Question for Krugman: Can the Rich Provide All the Demand?

I’ve long been troubled by a Paul Krugman comment from 2008:

There’s no obvious reason why consumer demand can’t be sustained by the spending of the upper class — $200 dinners and luxury hotels create jobs, the same way that fast food dinners and Motel 6s do.

And I find in his concluding comment from his recent AEA session that he remains completely uncertain on the issue:

…we do not know how rising inequality interacts. There are more poor people who are liquidity constrained but they have less spending power, so we are not sure how it goes.

I’m kind of astounded by this thinking, and even more by his apparent lack of curiosity about the issue. It strikes me as being absolutely central to any discussion of public policy. (Viz: all the talk about a strong middle class vs. trickle-down.)

I’ve poked at this question a couple of times:

In my model here and here looking at how (re)distribution of wealth affects demand, hence production, and

In discussions of imaginary ultra-high-productivity worlds in which a single person could own an atomic fabrication machine that produces everything that everyone needs (and hence receive all the income from that production).

Paul has clearly been shifting his thinking to encompass the possibility of a post-Luddite-Fallacy world. I wonder if his thinking has also developed on the related issues of inequality and distribution, and their effect on demand.

Cross-posted at Angry Bear.







5 responses to “Question for Krugman: Can the Rich Provide All the Demand?”

  1. psychohistorian Avatar

    Since Krugman refuses to talk about where money comes from I wonder if he could be convinced to talk about ongoing accumulative inheritance and its effects on the public commons.

    Thanks for the posting.

    Its seems imperative that folks keep pointing out that the myth of Macro economics never talks about the base class system with inheritance and accumulating private ownership of “property” as even externalities in their models. The agnotology/brainwashing about the rich deserving their place in our society continues.

  2. Magpie Avatar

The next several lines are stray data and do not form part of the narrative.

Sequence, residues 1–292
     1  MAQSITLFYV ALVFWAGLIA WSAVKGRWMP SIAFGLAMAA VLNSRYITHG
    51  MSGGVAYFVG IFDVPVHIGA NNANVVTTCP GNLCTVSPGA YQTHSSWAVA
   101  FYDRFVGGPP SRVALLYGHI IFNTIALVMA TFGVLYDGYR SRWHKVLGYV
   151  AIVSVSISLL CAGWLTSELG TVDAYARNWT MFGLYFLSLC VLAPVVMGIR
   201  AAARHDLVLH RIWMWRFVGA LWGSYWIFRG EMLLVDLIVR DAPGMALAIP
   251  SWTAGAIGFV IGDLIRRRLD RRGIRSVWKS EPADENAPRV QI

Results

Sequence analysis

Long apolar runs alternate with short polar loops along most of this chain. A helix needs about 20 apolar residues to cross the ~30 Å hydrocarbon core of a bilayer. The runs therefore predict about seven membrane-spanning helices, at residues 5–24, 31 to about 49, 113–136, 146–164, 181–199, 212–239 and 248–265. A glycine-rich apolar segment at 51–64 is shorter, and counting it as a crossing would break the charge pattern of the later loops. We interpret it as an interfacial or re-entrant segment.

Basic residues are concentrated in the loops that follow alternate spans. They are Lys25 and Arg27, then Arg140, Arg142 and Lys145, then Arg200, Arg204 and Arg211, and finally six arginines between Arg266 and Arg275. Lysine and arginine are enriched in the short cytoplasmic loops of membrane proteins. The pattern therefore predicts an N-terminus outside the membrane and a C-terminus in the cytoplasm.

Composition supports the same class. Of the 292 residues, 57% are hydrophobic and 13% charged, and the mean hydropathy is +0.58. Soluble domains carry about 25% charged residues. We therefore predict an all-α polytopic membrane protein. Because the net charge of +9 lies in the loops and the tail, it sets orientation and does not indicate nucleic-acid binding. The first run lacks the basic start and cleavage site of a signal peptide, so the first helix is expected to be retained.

I think in his latest post on inequality [*] Krugman gave a good hint at what lies behind “his apparent lack of curiosity about the issue”: the permanent spending ***hypothesis***.

    He assumes that the statistical fact (which he doesn’t dispute, btw) that people on higher incomes spend less is an statistical artifact and does not reflect reality: whether one is rich or poor, one thinks “this is a good year to me, but next year could be bad, therefore, let’s save money now, so that I have savings next year”.

    Assume, instead, that people will try to spend about the same, if at all possible, and you reach a different conclusion: if this year was real bad, you may try to cut spending, of course, but there are limits (you still need to eat, pay your rent, use the bus, pay the phone, and such); if you have no savings, you’ll try to borrow to cover the difference. That explains that savings fell as inequality grew, which seems to puzzle Krugman.

    If you are on low incomes, the rare good year means basically you earned a few thousand bucks more: it doesn’t put you on the road to a savings account. At best, you pay your debts.

    At the other hand, if you are really, really, really wealthy, you don’t have many bad years, but if one were to come around, you don’t really feel the pinch as much: you’ll hardly have to go to the pawn shop, cap in hand, with the jewels of the British crown.

    Basically, you can still save, while leading a very good life.

    [*] Inequality and Recovery – Krugman – January 20, 2013

  3. Eric L Avatar

    Paul Krugman does apparently believe that.

    Steve Waldman takes that on here:

    Quite frankly I don’t see what if anything remains of Krugman’s argument.

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